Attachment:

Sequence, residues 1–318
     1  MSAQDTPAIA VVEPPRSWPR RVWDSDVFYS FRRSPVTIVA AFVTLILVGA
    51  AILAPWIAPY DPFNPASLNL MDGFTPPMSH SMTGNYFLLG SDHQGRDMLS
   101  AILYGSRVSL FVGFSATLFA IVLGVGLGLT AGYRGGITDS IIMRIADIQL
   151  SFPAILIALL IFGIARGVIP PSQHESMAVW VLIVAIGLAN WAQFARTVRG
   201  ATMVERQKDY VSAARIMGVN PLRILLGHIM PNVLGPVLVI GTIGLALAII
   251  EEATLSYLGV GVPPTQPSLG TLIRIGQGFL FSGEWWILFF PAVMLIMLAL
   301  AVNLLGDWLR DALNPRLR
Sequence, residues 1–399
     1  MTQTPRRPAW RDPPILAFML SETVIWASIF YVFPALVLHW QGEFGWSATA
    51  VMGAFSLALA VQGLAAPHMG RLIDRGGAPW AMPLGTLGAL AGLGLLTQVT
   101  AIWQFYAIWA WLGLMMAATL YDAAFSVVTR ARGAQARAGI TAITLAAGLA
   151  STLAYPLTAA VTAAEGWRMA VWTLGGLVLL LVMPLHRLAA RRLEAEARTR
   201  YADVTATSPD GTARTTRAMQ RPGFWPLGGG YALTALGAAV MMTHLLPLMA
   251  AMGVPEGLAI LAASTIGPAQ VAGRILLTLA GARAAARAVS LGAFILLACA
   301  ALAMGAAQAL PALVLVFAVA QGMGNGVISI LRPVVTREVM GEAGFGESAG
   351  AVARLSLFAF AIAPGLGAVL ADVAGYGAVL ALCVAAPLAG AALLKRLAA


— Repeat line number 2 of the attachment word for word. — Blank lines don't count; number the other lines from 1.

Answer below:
     1  MSAQDTPAIA VVEPPRSWPR RVWDSDVFYS FRRSPVTIVA AFVTLILVGA